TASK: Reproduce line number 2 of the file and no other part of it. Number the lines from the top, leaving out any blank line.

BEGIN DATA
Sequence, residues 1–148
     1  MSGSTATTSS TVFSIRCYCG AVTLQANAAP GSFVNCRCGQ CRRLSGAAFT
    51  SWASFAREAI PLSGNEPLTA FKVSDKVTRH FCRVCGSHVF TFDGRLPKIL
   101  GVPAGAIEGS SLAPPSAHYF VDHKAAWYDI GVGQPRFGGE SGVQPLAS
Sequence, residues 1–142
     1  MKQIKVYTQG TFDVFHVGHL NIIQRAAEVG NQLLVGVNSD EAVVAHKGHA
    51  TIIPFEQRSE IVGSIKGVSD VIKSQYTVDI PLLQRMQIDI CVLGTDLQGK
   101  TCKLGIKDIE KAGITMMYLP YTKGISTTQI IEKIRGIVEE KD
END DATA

     1  MSGSTATTSS TVFSIRCYCG AVTLQANAAP GSFVNCRCGQ CRRLSGAAFT